On arriving at the university we discovered it was one container in particular that was causing the trouble.  Inside were specimens that had been collected by other NHM scientists in Danum Valley, but instead of being stored in tubes they had been sealed in plastic bags…that were meant to be leak-proof.  But the bags had failed and now there was alcohol swilling around the container producing a particularly bad smell!  Left in this condition the specimens would soon rot.

 

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The painstaking task of carefully emptying the bags and putting the contents into tubes.

 

So, one by one, the bags were opened and the contents removed and resealed in plastic, screw-top tubes.  A valuable lesson in the importance of reliable storing methods, without which weeks of collecting and hard work can be for nothing.  On the upside, it did give us the opportunity to see some different and interesting specimens including various ‘horned’ beetles, large cicadas and a crab!  The latter presumably having been collected close to a fresh water river.

 

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An unexpected discovery amongst the collected specimens.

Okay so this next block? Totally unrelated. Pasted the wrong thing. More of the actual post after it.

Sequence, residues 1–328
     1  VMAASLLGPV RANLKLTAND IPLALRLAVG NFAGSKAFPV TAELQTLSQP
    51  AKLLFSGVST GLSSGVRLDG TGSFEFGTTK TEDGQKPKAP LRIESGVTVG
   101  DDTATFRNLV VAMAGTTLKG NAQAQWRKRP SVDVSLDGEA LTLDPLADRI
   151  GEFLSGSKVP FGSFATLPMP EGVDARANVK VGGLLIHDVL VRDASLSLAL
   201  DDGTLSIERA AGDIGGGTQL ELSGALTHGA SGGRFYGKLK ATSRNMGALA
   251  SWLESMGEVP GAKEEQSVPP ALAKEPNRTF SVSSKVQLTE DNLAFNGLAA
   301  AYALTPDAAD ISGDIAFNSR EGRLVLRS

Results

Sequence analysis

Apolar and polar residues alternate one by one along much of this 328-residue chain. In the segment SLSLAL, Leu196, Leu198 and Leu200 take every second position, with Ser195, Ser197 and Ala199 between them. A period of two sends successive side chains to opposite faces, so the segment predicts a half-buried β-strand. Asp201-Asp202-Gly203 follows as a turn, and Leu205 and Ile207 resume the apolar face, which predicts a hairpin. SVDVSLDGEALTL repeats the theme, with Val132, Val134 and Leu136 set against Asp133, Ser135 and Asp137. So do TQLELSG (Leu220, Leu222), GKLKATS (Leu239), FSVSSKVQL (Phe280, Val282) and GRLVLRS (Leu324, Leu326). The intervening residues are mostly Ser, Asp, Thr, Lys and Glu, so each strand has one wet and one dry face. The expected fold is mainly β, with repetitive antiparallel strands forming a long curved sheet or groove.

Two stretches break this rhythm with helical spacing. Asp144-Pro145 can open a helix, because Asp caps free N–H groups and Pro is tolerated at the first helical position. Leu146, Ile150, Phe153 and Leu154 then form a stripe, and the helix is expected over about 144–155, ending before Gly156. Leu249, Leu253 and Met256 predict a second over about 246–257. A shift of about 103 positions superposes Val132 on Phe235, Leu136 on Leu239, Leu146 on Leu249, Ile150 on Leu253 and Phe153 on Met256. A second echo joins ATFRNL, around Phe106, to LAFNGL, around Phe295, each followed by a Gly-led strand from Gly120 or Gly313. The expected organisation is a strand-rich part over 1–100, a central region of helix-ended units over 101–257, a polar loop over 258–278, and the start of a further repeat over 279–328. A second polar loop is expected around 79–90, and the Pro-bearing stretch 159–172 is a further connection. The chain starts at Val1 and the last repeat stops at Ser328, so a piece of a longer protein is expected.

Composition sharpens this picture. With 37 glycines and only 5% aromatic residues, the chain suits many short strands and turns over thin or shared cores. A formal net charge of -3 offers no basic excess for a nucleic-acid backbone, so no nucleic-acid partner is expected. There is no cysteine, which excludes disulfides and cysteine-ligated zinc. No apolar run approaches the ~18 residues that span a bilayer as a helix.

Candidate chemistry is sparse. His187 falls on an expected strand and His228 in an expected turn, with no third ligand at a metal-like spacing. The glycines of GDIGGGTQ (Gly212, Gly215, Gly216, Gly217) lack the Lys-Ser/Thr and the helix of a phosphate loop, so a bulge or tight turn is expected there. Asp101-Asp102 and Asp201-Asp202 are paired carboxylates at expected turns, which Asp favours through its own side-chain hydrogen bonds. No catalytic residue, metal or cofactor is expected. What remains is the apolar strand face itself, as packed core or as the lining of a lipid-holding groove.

But it wasn’t just Dan, Kerry and Keiron (with the added help of Tony) who were kept busy with attending to specimens today.  Elsewhere in the university, Pat and Holger had discovered one of the main difficulties with storing specimens in the tropics – humidity.   The specimens of lichens had been left in closed, plastic bags, and consequently moisture had collected and was causing the lichens to become damp.  A dangerous situation that can lead to the growth of mould and the loss of entire collections of samples.  Needless to say, everyone was kept busy for most of the day.

 

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Packing specimens for transportation involves lots of cardboard boxes and bubble-wrap!

 

Finally, once re-sealed and re-labelled, the invertebrate specimens were carefully packed by a removal company, ready for transportation to the UK.  Not the most common of courier requests!

 

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Dan was particularly pleased when the last box was sealed!

 

Having rinsed the smell of alcohol and dung beetles off of our hands, we decided to spend what was left of the day exploring the city.  Kota Kinabalu is clearly a busy and bustling city and well set-up for tourists, with a multitude of restaurants to choose from and markets selling memorabilia and gifts. And it doesn’t all stop when the sun goes down…in fact it gets better!  By the waterfront is a massive, open-air night market, selling vast quantities of fresh fruit and vegetables and a wide array of fish.   At some stalls, you can choose the fish you want and they will cook it for you, there and then.  We had to give it a try!